Acknowledge your shortcomings. Standing up to criticism is an opportunity to admit your own failings. Do it with a sense of earnestness, that is, demonstrate through words and passion that you have done what you think is best. At the same time, do not be defensive. Act with honest confidence, even when you admit mistakes.

Criticize gently. The spotlight may be on you, but the heat is also on your critics. Give as good as you get, but do it with a sense of diplomacy. A good-natured jibe here or there is good for you as well as others. It reveals your humanity.

Smile frequently. Lighten things up by relaxing your facial muscles. This demonstrates that you are in control. Smile when appropriate, but never smirk. Don’t let them see you sweat, either. Smiling keeps you on a more even keel.

Leave them wanting more. Know when to close the engagement. You can ruin a good thing by hanging around on stage. It may be appropriate to meet and mingle off stage, in fact that’s a great idea, but know when to get off the stage and let others talk.

When the heat is on, showing your face to your sharpest critics is a great way to demonstrate that you are in control of yourself as well as your message. Standing up to those who oppose you is a strong measure of demonstrating that you have what it takes to lead.

First posted on HBR.org 2/03/2010

Learn to Ask Better Questions (HBR)

Every leader I know has at least one need in common: a need to connect honestly with others. One way to help foster improved connections is by asking good questions. Leaders who excel at asking good questions have honed an ability to cut to the heart of the manner in a way that disarms the person being interviewed and opens the door for genuine conversation.

Whether they are talking to customers, interviewing job candidates, talking to their bosses, or even questioning staff, executives need to draw people out. And so often, it is not a matter of what you ask, it is how you ask it. Here are some suggestions.

Be curious. Executives who do all the talking are those who are deaf to the needs of others. Sadly, some managers feel that being the first and last person to speak is a sign of strength. In reality, though, it’s the opposite. Such behavior is closer to that of a blowhard who may be insecure in his own abilities, but is certain of one thing — his own brilliance. Such an attitude cuts off information at its source, from the very people — employees, customers, vendors — whom you should trust the most. Being curious is essential to asking good questions.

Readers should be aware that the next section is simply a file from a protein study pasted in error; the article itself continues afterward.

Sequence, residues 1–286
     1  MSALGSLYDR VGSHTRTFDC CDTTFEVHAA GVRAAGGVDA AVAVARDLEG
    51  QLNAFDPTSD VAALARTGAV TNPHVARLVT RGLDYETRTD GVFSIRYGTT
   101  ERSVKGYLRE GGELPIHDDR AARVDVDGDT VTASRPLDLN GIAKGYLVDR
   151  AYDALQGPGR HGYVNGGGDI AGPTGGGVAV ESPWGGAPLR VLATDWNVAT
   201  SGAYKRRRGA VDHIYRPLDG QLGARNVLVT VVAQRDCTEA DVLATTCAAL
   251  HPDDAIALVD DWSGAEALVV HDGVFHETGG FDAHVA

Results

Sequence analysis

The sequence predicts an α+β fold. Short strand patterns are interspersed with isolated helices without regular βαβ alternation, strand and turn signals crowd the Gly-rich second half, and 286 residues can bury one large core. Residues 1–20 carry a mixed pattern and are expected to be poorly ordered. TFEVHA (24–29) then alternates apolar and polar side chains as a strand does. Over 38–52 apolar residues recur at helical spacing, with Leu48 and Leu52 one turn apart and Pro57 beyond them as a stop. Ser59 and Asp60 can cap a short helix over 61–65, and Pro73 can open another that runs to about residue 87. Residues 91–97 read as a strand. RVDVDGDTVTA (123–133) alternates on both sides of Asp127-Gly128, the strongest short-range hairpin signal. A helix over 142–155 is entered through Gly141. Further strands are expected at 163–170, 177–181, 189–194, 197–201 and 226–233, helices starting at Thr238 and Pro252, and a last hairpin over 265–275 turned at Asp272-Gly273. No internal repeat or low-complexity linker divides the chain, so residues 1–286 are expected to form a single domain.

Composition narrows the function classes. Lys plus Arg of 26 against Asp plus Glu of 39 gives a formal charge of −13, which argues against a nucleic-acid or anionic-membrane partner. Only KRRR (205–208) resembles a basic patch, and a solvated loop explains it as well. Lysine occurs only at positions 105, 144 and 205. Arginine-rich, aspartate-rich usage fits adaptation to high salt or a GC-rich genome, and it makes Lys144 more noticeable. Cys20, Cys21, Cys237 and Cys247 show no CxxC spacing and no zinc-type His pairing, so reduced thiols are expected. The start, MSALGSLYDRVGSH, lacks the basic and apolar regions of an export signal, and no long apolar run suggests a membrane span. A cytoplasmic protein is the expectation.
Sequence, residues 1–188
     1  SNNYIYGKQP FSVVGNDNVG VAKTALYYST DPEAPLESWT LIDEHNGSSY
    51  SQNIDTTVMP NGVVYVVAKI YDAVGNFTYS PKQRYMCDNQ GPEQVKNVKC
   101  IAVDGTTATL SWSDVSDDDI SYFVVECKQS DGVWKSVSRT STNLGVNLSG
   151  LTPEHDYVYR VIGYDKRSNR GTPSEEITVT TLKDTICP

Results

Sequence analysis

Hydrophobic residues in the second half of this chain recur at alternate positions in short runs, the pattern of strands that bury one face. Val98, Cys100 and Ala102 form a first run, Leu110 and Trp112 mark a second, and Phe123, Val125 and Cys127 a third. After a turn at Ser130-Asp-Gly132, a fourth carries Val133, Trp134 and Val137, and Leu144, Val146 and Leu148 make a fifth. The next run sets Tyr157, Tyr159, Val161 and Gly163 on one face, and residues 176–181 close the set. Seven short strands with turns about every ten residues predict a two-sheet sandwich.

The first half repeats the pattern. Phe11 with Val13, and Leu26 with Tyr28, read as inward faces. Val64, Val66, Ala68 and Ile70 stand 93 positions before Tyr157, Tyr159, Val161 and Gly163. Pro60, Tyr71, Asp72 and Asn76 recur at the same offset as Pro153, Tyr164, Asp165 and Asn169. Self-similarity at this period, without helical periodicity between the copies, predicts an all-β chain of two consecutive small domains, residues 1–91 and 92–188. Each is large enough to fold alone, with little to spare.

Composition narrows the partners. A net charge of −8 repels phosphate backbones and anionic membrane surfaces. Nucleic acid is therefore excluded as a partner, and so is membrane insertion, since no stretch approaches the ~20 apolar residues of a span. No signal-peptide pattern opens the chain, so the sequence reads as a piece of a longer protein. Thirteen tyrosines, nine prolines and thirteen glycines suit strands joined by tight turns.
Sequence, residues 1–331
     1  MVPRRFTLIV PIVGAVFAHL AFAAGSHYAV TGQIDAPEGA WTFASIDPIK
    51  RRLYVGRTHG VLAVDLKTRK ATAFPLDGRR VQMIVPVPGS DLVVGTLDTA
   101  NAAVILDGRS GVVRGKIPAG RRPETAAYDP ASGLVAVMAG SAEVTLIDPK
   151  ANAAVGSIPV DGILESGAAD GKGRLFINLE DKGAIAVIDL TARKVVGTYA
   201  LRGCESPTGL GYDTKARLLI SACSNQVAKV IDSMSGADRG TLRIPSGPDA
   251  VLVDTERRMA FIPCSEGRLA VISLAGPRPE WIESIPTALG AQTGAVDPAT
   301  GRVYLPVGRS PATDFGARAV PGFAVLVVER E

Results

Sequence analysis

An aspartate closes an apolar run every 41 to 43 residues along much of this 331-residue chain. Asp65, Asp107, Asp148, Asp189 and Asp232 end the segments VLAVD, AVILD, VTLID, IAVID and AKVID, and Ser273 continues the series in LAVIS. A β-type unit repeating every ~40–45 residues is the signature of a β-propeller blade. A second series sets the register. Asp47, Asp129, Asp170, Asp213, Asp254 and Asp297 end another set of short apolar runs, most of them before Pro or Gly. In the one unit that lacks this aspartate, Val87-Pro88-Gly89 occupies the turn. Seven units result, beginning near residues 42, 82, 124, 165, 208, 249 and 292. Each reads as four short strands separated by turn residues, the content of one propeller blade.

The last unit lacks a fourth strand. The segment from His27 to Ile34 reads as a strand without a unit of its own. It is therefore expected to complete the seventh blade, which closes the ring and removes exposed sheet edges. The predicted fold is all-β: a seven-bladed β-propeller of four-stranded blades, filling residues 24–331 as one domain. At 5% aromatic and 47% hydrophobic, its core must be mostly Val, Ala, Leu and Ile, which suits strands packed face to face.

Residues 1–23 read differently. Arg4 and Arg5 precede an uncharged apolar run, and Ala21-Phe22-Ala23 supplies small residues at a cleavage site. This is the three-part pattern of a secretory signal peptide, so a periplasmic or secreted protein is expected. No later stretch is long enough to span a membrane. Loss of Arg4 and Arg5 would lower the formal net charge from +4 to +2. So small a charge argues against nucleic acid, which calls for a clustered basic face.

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First published on HBR.org on 2/16/2010

VIDEO: Exude Confidence When Speaking to Your CEO (Part 1)

It is important to make a personal connection when you meet senior people in your organization. This is especially true when presenting to an executive team or the board of directors. Below, I discuss three things to do.

One final note: When you present to your CEO or a high-ranking executive, you need to exude a degree of confidence. That means you need to demonstrate poise as well as self-awareness.

Act on that thought — and stay humble – and you will do just fine.

First posted on Smart Brief 7/11/2014

Know When to Back Down from a Challenge (HBR)

You don’t get medals for common sense — but perhaps you should get a pat on the back.

Edwin van Calker, driver on the Dutch four-man bobsled team, told his coach that he would not pilot the bobsled down the icy, treacherous track at Whistler Sliding Centre at the Vancouver Olympic Games. His coach Tom de la Hunty said, “I’ve never seen someone get to a major event and not compete because they’re scared. You keep your inner fears to yourself and do it.”

Not van Calker. He had crashed on the track during the two-man bobsled competition and did not think he could safely pilot the much heavier four-man sled. And he didn’t blame the track, which has seen multiple crashes and the death of a Georgian luger at the start of the Games. “[J]ust my lack of confidence at the moment.”

Perhaps there is a lesson for leaders in van Calker’s admission. The mettle of a leader is tested by adversity; history lauds those leaders who take on the odds and win. But savvy leaders are those who also know when to say no. Unfortunately, we brand folks like that as quitters, when it may be more correct to say they have the guts to know when they’re licked.

So how do you evaluate whether you should take on that challenge, or back down? Here are some thoughts.

Know the odds. Assess what you are up against. You can often quantify a challenge through the metrics you employ to manage your business. Weigh the costs of going forward against the costs of holding back. Try not to undercount the costs on either side. Remember, this type of equation is often used to justify mergers and acquisitions, where two businesses come together to avoid competition that will tear them apart. Yet most mergers end in failure.

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First posted on HBR.org 2/26/2010